• ANTH 23100: Anthropology of Law
  • ANTH 23600: Anthropology of Gender and Sexuality
  • ANTH 24000: Peoples of Africa
  • ANTH 24200: Peoples of the Caribbean
  • ANTH 24300: Peoples of Latin America
  • ANTH 24600: Peoples of the Middle East
  • ANTH 25400: American Cultural Patterns
  • ANTH 25500: Anthropology of Health and Healing
  • ANTH 26500: Language and Power
  • ANTH 27200: Anthropology of Popular Culture
  • ANTH 27300: Black English: Structure and Use
  • ANTH 31403: Women and the Violation of Human Rights
  • ANTH 32300: Islamic Cultures and Issues
  • ANTH 32400: Violation of Human Rights
  • ANTH 32500: Anthropology of War & Trauma
  • ANTH 32600: Anthropology of Disability: From Memoir to Ethnography
  • ANTH 33000: Contemporary Culture Theory
  • ANTH 35000: Race and Racism
     
  • Architecture
  • ARCH 21200: The Built Environment of NYC
  • ARCH 51520: Topics in Architecture and the City (e.g. Reading the City; Intro to Urban Studies)
  • ARCH 61550: Activist Space in NYC
     
  • Art
  • ART 21038: Postwar Art in the U.S. and Europe
  • ART 34200: Art, Place and Engagement: Harlem Convergence
     
  • Asian Studies
  • 20100: Asians in America
  • 20800: Asians and American Law and Politics
  • 21400: Chinese Experience in America
  • 30700: Asian American Communities I: Analysis of Asian American Communities
     
  • Black Studies
  • BLST 10100: African Heritage and the Afro-American Experience
  • BLST 10200: African Heritage and the Caribbean-Brazilian Experience
  • BLST 13400: The Harlem Community
  • BLST 14500: Capitalism and Colonialism in Contemporary America
  • BLST 14700: The Civil Rights Movement
  • BLST 15550: Black Studies and Black Psychology
  • BLST 17100: Roots: Seminar on the Black World Experience
  • BLST 17600: The Black Revolution
  • BLST 31103: Race and Racism
  • BLST/WS 31450: Somebody…Sing a Black Girl’s Song: A Study of Black Womxn* Musical Artists Interior Lives
  • BLST 31160: Women of the African Diaspora
  • BLST 31706: The Black Woman
     
  • Economics and Business
  • ECO 33550: Urban Economics
  • ECO 33650: Public Finance
  • ECO 33850: Public Economics
  • ECO 41350: Business and Society
  • ECO 43450: Public Investment Analysis
     
  • Education
  • The School in American Society: Bilingual Education in the Urban School (Dina Lopez)
     
  • History
  • HIST 31088: History of U.S. Immigration
  • HIST 31089: African-American Cultural & Political History: 1915-1945
  • HIST 31129: U.S. Family
  • HIST 31140: Documenting AntiGentrification in Harlem (cross-listed as BLST 31140 and PSC 31146)
  • HIST 31165: Crime and Policing in America
  • HIST 31182: Gandhi and Civil Disobedience
  • HIST 31346: U.S. Civil Rights Movement
  • HIST 32700: The U.S. Since 1945
  • HIST 36000: Women in Modern History
  • HIST 43100: History of Sexuality
     
  • International Studies
  • INTL 20100: International Studies: A Global Perspective
  • INTL 30500: Social Foundations of International Studies
  • INTL 31108: Transnational Feminism
  • INTL 31115/SOC 26700: Social Change in the Developing World
     
  • Jewish Studies
  • 10000: Introduction to Jewish Life and Religion
  • 31105: Jewish Life in New York
     
  • Latin American and Latino Studies
  • LALS 10100: The Heritage of the Spanish Antilles
  • LALS 10200: Latin American and Caribbean Civilizations
  • LALS 12200: Puerto Rican Heritage: 1898 to Present
  • LALS 12300: Dominican Heritage
  • LALS 12600: Hispanics in the United States: Migration and Adjustment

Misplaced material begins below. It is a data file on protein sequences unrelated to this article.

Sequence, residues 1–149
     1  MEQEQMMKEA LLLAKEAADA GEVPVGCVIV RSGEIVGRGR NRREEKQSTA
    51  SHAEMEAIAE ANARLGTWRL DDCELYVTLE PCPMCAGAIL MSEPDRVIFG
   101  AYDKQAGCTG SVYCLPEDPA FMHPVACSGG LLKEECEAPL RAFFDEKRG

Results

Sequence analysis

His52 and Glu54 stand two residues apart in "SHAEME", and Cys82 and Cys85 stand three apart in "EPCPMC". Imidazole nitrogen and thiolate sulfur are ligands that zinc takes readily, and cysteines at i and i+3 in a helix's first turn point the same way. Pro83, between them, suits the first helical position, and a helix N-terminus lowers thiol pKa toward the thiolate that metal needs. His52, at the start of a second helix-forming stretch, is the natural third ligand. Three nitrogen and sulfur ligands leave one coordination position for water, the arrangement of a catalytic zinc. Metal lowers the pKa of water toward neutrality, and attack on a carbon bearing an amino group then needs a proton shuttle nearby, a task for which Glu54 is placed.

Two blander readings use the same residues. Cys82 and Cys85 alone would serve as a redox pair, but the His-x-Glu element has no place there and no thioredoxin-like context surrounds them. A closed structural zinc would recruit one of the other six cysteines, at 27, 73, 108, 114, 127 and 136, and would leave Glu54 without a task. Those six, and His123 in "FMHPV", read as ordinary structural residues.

• LALS 13100: The Hispanic Child in the Urban Environment
  • LALS 27100: Social Welfare in the Hispanic Community
  • LALS 31200: Women/Health: Latinas & Other Women of Color
  • LALS 31304: Gender & Sexuality in the Latino Community
     
  • Macaulay Honors College
  • 4 core seminars: Arts in NYC, People of NYC, Science Forward, and Shaping the Future of NYC
     
  • Media & Communication Arts
  • AdPR 10100: Intro to Media Studies
     
  • Philosophy
  • PHIL 11110: Critical Thinking
  • PHIL 30900: Social and Political Philosophy
  • PHIL 34600: Feminist Philosophy
     
  • Political Science
  • PSC 12500: Introduction to Public Policy
  • PSC 20700: The Politics of Criminal and Civil Justice
  • PSC 21000: Urban Politics
  • PSC 21104: New York Politics (aka Activist New York)
  • PSC 21600: Political Parties and Interest Groups
  • PSC 21700: Mass Media and Politics
  • PSC 22900: Women & Politics
  • PSC 31108: Feminist Political Theory
  • PSC 31113: Argument and Evidence in Political Science
  • PSC 31117: Politics, Law, Families
  • PSC 31507: Politics of Immigration
  • PSC 31510: Land and Housing in New York City
  • PSC 31905: Politics of Work
  • PSC 32400: Politics of Protest
  • PSC 35550: Environmental Politic
  • PSC 37600: Marxism
     
  • Psychology
  • PSY 31150: Psychologies of People in Place: From Climate Change to Gentrification
  • PSY 31823: Psychology of Women and Violence
  • PSY 38880: Psychology of Women
  • PSY 41000: Contemporary Issues in Human Rights and Social Justice
     
  • Courses in the Skadden Arps Honors Program in Legal Studies
  • Sociology
  • SOC 24100: Criminology and Corrections
  • SOC 24200: Juvenile Delinquency
  • SOC 24300: Sociology of Youth
  • SOC 24500: Sociology of Social Welfare Institutions
  • SOC 25100: Urban Sociology
  • SOC 25200: Social Class
  • SOC 25400: Social Problems
  • SOC 26000: Theory of Social Change
  • SOC 26300: Contemporary Social Issues
  • SOC 26700: Social Change in Developing Countries
  • SOC 26800: Studies in Social Forces and Mass Movements
  • SOC 29000: Immigration
  • SOC 31136: Housing and Community Development
  • SOC 31181: Social Movements and Social Change
  • SOC 38101: Contemporary Issues in the Workplace
  • SOC 38107: Justice, Law, and Society
  • SOC 38201: Sex Roles & Social Change
  • SOC 38209: Sociology of Sexualities
  • SOC 38210: Sociology of Gender
     
  • Theatre and Speech
  • THTR 21700: Queer Theatre
  • THTR 21800: American Jewish Theatre
  • THTR 21900: Theatre of the Sixties
  • THTR 25500: Youth Theatre
  • THTR 31113: Contemporary African American Female Playwrights 
  • THTR 31115: LGBT Film and Theatre 
  • THTR 31117: Improvisation and Theatre Games
  • THTR 31120: Political Theatre History and Practice
  • THTR 31127: Arts in New York City
  • THTR 45075: Theatre for Social Change  
     
  • Women’s and Gender Studies
  • Courses offered through the Beyond Identity Initiative
  • WS 10000: Women’s & Gender Roles in Contemporary Society
     
  • CCNY’s Study Abroad Program:
  • e.g. Summer Semester in Port Elizabeth, South Africa